He is one of the worlds sailing speed experts. During last three decades he has compiled astonishing databases of sailing speed and race records which serve as the foundation of his research into and understanding of sailing speed performance.
In 1980 I met him for the first time at the Goat Island Marina in Newport. I could not miss his trailer, parked close to the Solo Transatlantic Race, OSTAR 1980, office. I was immediately fascinated by his computer graphic work, despite the fact that back then a computer could handle only four colors plus black and white. I could pick any three competitors from my race and Boehmer would dynamically display together our daily progress from the start in England to the finish in Newport upon a projection TV that was attached to his computer. I left his trailer with a printouts of some of my competitors and with a dream of having something like that on board and being able to make tactical decisions by simply watching the progress of my rivals right on a computer screen in real time.
Eight years before I met him, Richard began his public service career after having earned a masters degree in marine affairs at the University of Rhode Island. He also has a master of science in oceanography from another university. In his spare time he began combining the two things which fascinate him speed and the sea.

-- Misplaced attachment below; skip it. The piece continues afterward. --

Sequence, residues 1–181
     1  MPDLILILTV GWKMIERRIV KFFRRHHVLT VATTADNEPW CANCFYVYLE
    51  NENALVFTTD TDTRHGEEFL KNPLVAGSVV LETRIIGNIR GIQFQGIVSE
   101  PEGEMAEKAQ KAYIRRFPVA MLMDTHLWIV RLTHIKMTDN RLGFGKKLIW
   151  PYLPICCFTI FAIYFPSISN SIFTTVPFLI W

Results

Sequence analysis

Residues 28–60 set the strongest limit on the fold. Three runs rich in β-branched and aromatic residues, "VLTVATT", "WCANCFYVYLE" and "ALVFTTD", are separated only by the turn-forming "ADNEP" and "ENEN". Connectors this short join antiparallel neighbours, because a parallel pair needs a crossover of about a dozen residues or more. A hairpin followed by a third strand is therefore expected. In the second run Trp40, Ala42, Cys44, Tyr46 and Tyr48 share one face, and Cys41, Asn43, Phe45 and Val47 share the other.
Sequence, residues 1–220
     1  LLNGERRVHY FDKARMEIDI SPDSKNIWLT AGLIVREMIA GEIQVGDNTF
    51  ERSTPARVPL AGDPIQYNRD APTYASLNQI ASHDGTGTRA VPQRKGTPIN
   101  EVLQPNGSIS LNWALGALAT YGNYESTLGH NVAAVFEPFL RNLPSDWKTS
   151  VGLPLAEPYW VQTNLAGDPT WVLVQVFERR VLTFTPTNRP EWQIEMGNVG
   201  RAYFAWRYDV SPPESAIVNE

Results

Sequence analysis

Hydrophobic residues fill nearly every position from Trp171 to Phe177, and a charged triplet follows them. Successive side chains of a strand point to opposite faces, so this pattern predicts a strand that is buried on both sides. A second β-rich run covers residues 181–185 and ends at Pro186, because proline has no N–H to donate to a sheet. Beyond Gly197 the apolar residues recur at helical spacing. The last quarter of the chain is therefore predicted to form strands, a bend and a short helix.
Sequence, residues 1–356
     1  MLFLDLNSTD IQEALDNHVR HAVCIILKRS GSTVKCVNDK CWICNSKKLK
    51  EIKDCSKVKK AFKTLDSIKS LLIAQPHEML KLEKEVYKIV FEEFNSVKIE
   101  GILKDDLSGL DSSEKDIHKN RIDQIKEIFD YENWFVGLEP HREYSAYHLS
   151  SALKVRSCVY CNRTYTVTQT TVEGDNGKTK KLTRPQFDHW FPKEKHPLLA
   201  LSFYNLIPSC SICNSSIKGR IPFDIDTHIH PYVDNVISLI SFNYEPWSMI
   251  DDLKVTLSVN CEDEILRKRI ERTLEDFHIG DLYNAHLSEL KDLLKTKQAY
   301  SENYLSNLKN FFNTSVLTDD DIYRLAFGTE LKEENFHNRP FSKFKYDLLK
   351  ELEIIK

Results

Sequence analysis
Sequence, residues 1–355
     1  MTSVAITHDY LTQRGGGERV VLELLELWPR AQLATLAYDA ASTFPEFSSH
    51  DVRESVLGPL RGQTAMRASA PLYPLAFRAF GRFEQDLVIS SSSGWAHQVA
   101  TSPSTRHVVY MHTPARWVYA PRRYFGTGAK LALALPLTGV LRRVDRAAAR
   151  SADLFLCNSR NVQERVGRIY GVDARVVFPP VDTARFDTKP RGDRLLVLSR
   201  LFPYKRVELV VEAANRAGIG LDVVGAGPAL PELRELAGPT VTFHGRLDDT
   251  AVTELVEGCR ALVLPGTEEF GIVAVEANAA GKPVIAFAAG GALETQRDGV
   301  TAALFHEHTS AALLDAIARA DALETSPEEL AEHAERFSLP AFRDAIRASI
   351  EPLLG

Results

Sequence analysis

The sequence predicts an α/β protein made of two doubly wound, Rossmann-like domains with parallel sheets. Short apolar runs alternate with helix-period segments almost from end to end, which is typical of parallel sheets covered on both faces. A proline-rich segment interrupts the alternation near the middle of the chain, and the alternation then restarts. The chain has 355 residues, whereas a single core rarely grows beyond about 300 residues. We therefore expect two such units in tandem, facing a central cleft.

First he created a unique way to analyze the speed of 19th-century clipper ships which he termed TREP for "Time Related & Equivalent Performance". Then he started adding modern sailing record information to his database. Also he derived a formula for predicting a vessels best 24 hour average speed which he termed Base Speed.
In 1977, he wrote the book "Multihull Ocean Racing". In 1980 Phil Weld invited Boehmer to work with him and the ocean race weather adviser, Bob Rice, to plan his race strategy for the solo transatlantic race OSTAR of that same year. Boehmer also did route planing for Tom Grossman who was booked as odds favorite to win the race. Although Grossman had an unfortunate accident at the start, Boehmers other client Phil Weld won the race. Boehmer had his bets covered!
First with Nobby Clarke then on his own Boehmer provided the annual updates of marine primarily sailing records for the Guiness Book of World Records until 1993 when Guinness decided to no longer include them in their records book.
Boehmer has written over 100 articles on sail performance for both the popular press and for technical journals in the US, Canada, England, & even South Africa. Some of his work has been translated into French and German.
He may soon publish his study of the component of "Crew Skill and Luck" in the prediction of sailing speed performance which is based on over 5000+ cases of one-design and near one-design boats ranging from the 15 minute sprints of frost-biters to the nearly year long circumnavigations of the Whitbread and BS/BT Globe Challenge.
Many ocean racers and sponsors are turning to Richard Boehmer for his unbiased speed analyses of their sailing machines and of their competitions sailing vessels. Designers always boast that their new designs are the fastest, but Boehmer knows the truth!
He can be contacted at firstname.lastname@example.org
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